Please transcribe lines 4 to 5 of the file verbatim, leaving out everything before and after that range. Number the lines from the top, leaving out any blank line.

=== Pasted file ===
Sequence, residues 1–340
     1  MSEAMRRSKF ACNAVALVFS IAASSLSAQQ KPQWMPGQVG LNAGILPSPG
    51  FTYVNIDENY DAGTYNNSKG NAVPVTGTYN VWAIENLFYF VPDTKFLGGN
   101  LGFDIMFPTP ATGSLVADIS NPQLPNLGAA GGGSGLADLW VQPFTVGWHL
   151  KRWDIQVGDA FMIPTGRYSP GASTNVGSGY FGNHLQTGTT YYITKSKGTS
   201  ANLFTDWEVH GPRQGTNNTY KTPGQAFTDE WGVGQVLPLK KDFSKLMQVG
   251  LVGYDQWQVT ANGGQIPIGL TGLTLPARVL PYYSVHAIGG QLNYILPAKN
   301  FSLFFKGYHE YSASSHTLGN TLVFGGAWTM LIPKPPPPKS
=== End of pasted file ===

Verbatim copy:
   101  LGFDIMFPTP ATGSLVADIS NPQLPNLGAA GGGSGLADLW VQPFTVGWHL
   151  KRWDIQVGDA FMIPTGRYSP GASTNVGSGY FGNHLQTGTT YYITKSKGTS